Camp and Retreat E-News: Living Christian Lives Filled with Joy

May 01, 2019


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Reflections on values with Camp & Retreat Ministries

Living Christian Lives Filled with Joy

 Value 3: Joy

By Dan Benson, Director at Alton L. Collins Retreat Center and Jayde Dunkerley, Office Manager

Here at Alton L. Collins Retreat Center, food is a source of joy for our guests and our staff. We strive to produce delicious and healthy meals to complement the personal or communal work people have come here to do. Food is essential to the well-being of our bodies and joy is essential to the well-being of our spirits. We join these two together in our work of embodying Christian hospitality as we support the well-being of our guests.
For people with significant food allergies and sensitivities, eating away from home can be both a boring and a frightening experience. Boring, because people often opt for the safest choices, which can be the same foods repeatedly, and frightening because you are trusting people you may not know to be as careful with the ingredients and food preparation as you need, knowing your body will bear the consequences of potential errors. Beyond allergies and sensitivities, a critical component of hospitality at meals also includes being mindful of people’s religious and ethical choices regarding food. Whether the person is at Collins during Passover or feels called to a vegan lifestyle, meeting these needs is a way of showing our respect for each guest.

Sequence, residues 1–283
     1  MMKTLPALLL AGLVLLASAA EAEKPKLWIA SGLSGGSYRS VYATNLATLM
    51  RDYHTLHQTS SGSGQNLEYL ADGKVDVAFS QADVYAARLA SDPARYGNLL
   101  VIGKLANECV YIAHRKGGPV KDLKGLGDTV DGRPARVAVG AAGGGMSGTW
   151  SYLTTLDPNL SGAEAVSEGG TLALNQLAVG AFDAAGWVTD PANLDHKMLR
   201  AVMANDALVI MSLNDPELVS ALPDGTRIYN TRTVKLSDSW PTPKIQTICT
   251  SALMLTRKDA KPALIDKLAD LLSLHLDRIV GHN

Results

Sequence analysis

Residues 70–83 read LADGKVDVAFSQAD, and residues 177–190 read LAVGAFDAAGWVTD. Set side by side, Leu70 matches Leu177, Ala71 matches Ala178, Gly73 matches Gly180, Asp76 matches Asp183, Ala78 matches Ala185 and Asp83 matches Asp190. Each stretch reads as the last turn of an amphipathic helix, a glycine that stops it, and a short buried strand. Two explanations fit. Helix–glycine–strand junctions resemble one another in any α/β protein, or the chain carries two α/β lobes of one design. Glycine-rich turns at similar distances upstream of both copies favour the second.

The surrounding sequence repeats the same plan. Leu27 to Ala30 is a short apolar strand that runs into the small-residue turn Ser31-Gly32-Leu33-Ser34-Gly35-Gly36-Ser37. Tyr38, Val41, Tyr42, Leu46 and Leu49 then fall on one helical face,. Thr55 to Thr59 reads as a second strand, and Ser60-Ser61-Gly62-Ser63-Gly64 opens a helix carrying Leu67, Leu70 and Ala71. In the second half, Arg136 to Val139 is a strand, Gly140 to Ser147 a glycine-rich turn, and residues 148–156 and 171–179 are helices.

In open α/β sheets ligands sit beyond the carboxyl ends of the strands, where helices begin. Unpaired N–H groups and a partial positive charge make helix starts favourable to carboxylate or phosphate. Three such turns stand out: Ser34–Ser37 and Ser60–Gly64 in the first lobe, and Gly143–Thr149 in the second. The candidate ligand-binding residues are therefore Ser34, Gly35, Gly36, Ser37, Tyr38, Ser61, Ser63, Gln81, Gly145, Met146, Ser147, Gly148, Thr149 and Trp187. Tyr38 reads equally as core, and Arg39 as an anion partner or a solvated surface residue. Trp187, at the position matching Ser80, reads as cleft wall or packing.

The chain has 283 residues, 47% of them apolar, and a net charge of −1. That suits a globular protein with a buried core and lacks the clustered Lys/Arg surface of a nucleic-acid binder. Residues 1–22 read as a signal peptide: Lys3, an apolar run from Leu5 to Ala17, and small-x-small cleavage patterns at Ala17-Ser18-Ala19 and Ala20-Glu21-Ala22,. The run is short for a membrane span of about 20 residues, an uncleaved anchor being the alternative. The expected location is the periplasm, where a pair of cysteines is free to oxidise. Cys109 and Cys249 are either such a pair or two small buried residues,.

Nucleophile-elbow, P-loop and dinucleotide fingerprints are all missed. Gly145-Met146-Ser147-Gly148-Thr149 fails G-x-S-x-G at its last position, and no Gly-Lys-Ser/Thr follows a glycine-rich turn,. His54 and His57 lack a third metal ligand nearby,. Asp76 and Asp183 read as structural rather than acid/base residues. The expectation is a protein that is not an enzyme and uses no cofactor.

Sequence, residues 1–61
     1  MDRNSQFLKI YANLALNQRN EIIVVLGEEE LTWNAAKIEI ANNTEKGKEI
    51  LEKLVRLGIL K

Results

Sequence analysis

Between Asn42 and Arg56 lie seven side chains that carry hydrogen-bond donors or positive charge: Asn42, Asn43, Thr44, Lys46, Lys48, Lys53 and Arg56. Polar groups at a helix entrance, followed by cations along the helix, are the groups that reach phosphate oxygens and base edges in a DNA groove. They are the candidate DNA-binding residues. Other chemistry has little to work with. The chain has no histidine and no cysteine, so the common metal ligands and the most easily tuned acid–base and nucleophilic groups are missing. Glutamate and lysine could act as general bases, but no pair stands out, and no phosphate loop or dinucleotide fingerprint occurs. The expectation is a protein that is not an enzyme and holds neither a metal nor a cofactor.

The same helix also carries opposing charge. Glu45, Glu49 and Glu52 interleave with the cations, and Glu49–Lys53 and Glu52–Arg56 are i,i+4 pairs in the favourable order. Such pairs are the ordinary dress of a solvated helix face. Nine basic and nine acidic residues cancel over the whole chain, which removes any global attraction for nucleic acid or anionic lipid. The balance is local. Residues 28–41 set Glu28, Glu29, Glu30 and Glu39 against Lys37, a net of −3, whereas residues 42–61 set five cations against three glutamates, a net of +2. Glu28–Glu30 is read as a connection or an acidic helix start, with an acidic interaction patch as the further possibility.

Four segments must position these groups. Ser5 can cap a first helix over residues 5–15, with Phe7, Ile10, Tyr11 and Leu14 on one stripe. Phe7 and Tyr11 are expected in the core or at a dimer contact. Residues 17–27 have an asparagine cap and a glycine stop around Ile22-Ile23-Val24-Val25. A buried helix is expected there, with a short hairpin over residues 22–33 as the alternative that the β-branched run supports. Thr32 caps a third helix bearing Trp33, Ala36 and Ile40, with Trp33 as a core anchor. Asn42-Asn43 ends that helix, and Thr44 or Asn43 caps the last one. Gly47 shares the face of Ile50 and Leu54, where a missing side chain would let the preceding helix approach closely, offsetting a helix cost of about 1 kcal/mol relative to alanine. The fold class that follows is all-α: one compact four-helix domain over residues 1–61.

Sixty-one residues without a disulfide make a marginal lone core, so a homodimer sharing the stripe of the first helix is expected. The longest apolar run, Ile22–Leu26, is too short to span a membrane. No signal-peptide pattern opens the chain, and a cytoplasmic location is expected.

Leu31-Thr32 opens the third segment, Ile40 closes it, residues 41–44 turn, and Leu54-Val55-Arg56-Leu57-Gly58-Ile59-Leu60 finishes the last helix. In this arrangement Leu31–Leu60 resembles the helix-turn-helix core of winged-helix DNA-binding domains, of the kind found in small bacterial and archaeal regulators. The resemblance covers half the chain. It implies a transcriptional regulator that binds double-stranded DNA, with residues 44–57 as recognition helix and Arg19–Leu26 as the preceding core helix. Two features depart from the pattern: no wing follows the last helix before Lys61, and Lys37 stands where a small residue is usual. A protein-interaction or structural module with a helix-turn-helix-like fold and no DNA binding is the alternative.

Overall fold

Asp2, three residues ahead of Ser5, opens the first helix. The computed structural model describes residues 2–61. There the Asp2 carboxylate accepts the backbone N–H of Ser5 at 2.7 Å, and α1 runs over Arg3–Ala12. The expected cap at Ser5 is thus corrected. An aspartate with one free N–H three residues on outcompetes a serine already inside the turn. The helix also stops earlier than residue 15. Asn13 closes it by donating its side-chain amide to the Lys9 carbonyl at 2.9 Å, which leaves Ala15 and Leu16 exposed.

We acknowledge the fears and concerns our guests have regarding what is in our food and how we prepare it. From communicating with individuals and their groups, to training our staff to use care in all steps of food preparation, and especially through making most of our food from scratch, we provide comprehensive care for our guests; and we are continuously growing in our knowledge of how to provide even better food. Our Executive Chef is always trying new things as she discovers better substitutions and develops new recipes that are mindful and deliciously meet a wide variety of people’s needs and preferences.
Those whose diet do not follow what most consider conventional eating habits are often overjoyed as they encounter our food. Just a few weeks ago, one guest was so moved from their food over the course of their week-long stay that they asked if they could give our chef a hug! Words cannot convey the joy we witness, when we see the smiles that spread over faces when they hear that the delectable cookies at the table are gluten-free and vegan and how those smiles grow even more after they take a bite.
We are so fortunate to be able to make space for pleasant surprises and joy during meals as people try new things and get to eat nourishing food. And so, we encourage you, dear reader, to look for joy in one of the simplest of things, food. To care for yourself in new and engaging ways as you prepare food for yourself and for others, remembering that how we share with others and consider their needs is one of the most holy acts, for together we can experience joy around the table so that our lives may be abundant.

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